One of the ways that we were able to advance this comprehensive view of how to deal with public safety, but still deal with the political realities in Washington, was by working at the nuts-and-bolts level directly with state and local communities. One of the things I came to dislike in Washington- even though I've spent virtually my whole life close to that political scene-was the constant desire on the part of the political folks to schedule "events" to publicize the latest announcement on crime. I came to have a lot of disdain for that, since it leads too often to a "sound bite" mentality in dealing with complex issues. I thought it was more important for us to work directly with state and local communities, help fund experimentation, and deal honestly with the kinds of pitfalls and challenges that are faced.

One thing, too, that I would comment on here when we consider political realities, whether at the national or the state or local level: Our society, particularly with the intensity of media coverage of government, has almost no tolerance for failure. But, in fact, if we're going to progress in addressing crime, as we do in any other field of human endeavor, trial and error is the way we learn. I read somewhere that Thomas Edison had 99 failures before he finally invented the electric light. We should be more tolerant of elected and appointed officials who are trying to innovate in a thoughtful way, and not expect everything to turn out right the first time. If that's the way the public and the media want it, you won't find public officials ever being bold; you'll just create a group of overly cautious folks who rarely step out to try to get better results.

Q: During your tenure the budget at OJP burgeoned from $800 million to $4 billion. To what do you attribute that astounding growth and what new directions resulted from this increased funding?

A: The passage of the Crime Bill in 1994 created a number of new programs and an influx of new appropriations for OJP. The success of many of these programs has, I would say, been a joint achievement by the Clinton administration and the Republican Congress. I know that each would like to take sole credit for it, but I see it as a joint success. I think from the standpoint of the Appropriation Committees, they viewed OJP as an honest broker in fairly implementing programs, whether they had been proposed by the Clinton administration or not. I believe we had credibility in their eyes in trying to implement new initiatives in the best way possible to benefit state and local jurisdictions, and they evidenced that support in entrusting us with an increasingly large appropriation and additional programs.

Some of the new programs we funded, particularly under the Crime Bill, I think will stand as legacies of this era in criminal justice. The work on drug courts is an example, in my view, of new thinking on how "criminal justice business" can be conducted in this country, using the coercive power of the courts to affect offenders' behavior (drug use) through a carrot-and-stick approach, keeping them on a short leash through regular drug testing and frequent appearances before the judge. Drug courts are not necessarily costly. You already have the courtroom, judge, probation officer, prosecutor, and public defender. The piece you probably don't have is the mandated drug treatment. With the help of OJP's funding, there are now more than 350 drug courts in this country, with 225 more in the planning stage. There were only 12 early in the last decade. That growth was made possible by both real excitement in the field about them, and, of course, the availability of federal funding. The real question is: Do they have an impact? And the answer is "yes"-we're seeing much lower recidivism rates among offenders going through drug courts than similarly situated defendants who don't. Remember, this is a tough group. Their families, neighbors, kids, and employers have frequently given up on them. But with drug courts, we're seeing change. The final NIJ "blue ribbon" evaluations are not yet completed, but the initial feedback is extremely positive. And that's the kind of bottom-line analysis we should have in these programs.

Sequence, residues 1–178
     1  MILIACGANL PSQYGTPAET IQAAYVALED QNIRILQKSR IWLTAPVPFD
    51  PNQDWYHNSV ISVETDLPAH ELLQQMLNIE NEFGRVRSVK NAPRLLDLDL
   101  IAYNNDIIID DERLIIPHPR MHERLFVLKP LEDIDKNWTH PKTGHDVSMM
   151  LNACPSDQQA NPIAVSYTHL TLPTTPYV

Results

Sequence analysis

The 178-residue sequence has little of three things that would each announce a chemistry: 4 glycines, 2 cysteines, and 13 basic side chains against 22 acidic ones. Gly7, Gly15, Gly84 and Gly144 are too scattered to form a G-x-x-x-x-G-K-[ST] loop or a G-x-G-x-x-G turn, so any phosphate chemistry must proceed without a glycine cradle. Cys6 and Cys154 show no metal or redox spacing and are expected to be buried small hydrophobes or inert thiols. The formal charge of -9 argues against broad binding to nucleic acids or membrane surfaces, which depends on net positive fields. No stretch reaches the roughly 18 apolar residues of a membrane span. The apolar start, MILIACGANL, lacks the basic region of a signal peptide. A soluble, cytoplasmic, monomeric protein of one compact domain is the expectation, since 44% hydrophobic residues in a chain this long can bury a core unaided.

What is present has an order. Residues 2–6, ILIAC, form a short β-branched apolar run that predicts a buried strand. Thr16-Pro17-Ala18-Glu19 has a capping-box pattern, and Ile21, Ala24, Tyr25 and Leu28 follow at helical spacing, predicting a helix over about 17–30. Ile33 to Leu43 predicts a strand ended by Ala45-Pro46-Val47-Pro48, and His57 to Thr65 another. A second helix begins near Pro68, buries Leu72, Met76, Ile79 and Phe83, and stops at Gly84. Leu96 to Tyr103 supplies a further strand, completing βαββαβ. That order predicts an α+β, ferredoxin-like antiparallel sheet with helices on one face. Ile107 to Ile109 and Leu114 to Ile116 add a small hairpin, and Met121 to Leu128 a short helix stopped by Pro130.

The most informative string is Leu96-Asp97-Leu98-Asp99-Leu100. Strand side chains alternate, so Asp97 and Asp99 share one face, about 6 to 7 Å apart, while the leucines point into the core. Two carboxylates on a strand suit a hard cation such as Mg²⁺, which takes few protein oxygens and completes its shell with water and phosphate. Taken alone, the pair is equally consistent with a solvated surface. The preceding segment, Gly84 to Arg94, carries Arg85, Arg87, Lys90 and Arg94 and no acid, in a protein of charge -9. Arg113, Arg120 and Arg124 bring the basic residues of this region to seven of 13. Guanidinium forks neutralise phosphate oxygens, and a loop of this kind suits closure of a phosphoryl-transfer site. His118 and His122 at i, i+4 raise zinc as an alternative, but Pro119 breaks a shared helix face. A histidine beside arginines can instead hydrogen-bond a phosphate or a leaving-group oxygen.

A second example of new directions is the work on violence against women. I think there has been a profound change over the last decade in how the criminal justice system deals with domestic violence. The funding under the Crime Bill's Violence Against Women Act (VAWA), administered through OJP, has promoted the use of coordinated collaborative community-based approaches, with prosecution, law enforcement, and victims' services working together to protect victims and to hold offenders accountable. Some of that funding has gone to domestic violence shelters, some to create specialized units in prosecutor offices, some to train police or judges. Perhaps most important, the funding has served as a catalyst to bring parts of the criminal justice community together to deal more effectively with the problem. I think the VAWA money has actually helped change the culture in how the criminal justice system has traditionally dealt with family violence. It's now rare to find law enforcement, prosecution, or the judiciary treating domestic violence as simply a "family affair." But despite the progress here, there's still important work to be done.